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A201126 Maximum water retention of a magic square of order n. 8
0, 15, 69, 192, 418, 797, 1408 (list; graph; refs; listen; history; text; internal format)



Determining the maximum water retention of a magic square has been the subject of the spring 2010 round of "Al Zimmermann's Programming Contests". The following description was given by Al Zimmermann: The scoring function is defined in terms of the physical characteristics of water. Simply stated, pour a gazillion units of water on top of a magic square and measure the water that doesn't run off. The cells in the magic square have heights given by their values and water cannot pass between two cells joined at a vertical edge.

Lower bounds for the next terms are a(10) >= 2267, a(11) >= 3492, a(12) >= 5185, a(13) >= 7445, a(14) >= 10397, a(15) >= 14154.

This water retention model progressed from the specific case of the magic square to a more generalized system of random levels.  A quite interesting counter-intuitive finding that a random two-level system will retain more water than a random three-level system when the size of the square is greater than 51 X 51 was discovered.  This was reported in the Physical Review Letters in 2012 and referenced in the Nature article in 2018. - Craig Knecht, Dec 01 2018


Table of n, a(n) for n=3..9.

B. Burger, J. S. Andrade Jr. & H. J. Herrmann, A Comparison of Hydrological and Topological Water Sheds, Nature, 10586, 2018.

Harvey Heinz, Knecht Topographical squares, Summary of contest results.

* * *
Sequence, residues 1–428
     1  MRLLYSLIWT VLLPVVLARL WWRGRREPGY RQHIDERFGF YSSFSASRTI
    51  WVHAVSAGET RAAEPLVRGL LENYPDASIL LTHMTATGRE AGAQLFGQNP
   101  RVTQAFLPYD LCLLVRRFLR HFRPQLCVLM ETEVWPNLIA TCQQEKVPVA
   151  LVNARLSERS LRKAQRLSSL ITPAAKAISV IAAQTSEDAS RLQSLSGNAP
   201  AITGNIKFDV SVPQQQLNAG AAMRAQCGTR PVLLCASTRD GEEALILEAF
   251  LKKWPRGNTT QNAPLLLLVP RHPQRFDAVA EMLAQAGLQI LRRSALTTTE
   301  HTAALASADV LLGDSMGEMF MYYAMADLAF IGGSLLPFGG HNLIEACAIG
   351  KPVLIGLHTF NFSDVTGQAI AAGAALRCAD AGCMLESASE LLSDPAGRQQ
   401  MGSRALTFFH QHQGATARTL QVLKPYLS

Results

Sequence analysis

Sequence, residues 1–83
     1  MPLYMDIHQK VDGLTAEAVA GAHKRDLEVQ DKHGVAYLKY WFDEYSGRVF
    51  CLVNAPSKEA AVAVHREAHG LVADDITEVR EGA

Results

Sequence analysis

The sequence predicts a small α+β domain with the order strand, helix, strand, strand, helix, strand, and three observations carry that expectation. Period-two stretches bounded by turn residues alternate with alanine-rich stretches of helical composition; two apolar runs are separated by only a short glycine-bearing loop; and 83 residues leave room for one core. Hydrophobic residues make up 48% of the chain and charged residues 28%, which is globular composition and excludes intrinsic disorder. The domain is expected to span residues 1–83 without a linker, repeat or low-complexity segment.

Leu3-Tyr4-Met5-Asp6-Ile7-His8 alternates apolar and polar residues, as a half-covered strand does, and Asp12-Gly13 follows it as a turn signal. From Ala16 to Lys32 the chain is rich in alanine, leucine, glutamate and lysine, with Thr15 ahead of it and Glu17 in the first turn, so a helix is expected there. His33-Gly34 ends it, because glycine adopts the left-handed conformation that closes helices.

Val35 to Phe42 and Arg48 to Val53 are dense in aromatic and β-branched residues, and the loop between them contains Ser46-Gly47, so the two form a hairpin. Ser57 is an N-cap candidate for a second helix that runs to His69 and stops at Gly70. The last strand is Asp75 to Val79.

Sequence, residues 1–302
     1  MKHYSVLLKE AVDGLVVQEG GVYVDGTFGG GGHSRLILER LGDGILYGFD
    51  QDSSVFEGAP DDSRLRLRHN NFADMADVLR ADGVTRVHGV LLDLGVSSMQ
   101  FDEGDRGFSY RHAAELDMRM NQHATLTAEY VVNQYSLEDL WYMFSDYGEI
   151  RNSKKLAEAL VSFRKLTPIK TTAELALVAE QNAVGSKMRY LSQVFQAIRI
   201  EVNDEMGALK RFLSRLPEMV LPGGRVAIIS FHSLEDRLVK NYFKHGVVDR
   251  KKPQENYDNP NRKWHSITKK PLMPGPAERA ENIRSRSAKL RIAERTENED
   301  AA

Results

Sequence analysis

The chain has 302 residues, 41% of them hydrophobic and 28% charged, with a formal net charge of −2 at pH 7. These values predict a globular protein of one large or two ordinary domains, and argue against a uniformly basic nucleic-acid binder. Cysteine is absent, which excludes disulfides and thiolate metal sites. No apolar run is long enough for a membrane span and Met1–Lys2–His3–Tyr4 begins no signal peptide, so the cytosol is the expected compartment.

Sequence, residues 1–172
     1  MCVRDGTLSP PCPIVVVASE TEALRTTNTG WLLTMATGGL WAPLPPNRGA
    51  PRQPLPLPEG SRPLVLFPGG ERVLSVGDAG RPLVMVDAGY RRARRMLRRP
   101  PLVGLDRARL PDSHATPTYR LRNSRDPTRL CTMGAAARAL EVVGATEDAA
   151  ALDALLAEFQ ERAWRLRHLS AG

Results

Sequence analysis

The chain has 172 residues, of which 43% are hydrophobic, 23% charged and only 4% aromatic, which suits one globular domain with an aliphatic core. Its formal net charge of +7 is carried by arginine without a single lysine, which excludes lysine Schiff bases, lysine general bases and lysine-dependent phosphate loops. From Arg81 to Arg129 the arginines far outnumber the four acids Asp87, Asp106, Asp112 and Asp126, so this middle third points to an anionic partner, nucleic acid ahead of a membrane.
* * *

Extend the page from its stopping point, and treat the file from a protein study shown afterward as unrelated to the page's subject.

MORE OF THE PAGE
Craig Knecht, Magic Square - Topographical model

Craig L. Knecht, Walter Trump, Daniel ben-Avraham, and Robert M. Ziff, Retention Capacity of Random Surfaces, Phys. Rev. Lett. 108, 045703, 2012.

Craig Knecht, Pattern comparison table.

Hugo Pfoertner, 4X4 Magic square retaining 15 units of water

Hugo Pfoertner, 5X5 Magic square retaining 69 units of water

Hugo Pfoertner, 6X6 Magic square retaining 192 units of water

Hugo Pfoertner, 7X7 Magic square retaining 418 units of water

Hugo Pfoertner, 8X8 Magic square retaining 797 units of water

Hugo Pfoertner, 9X9 Magic square retaining 1408 units of water

Wikipedia, Water retention on mathematical surfaces


See illustrations.


Cf. A201127 (water retention of semi-magic squares), A261347 (water retention of number squares), A261798 (water retention of an associative magic square).

Sequence in context: A265141 A211917 A015876 * A085474 A212109 A124893

Adjacent sequences:  A201123 A201124 A201125 * A201127 A201128 A201129




Hugo Pfoertner, Dec 03 2011



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Last modified December 10 14:50 EST 2018. Contains 318049 sequences. (Running on oeis4.)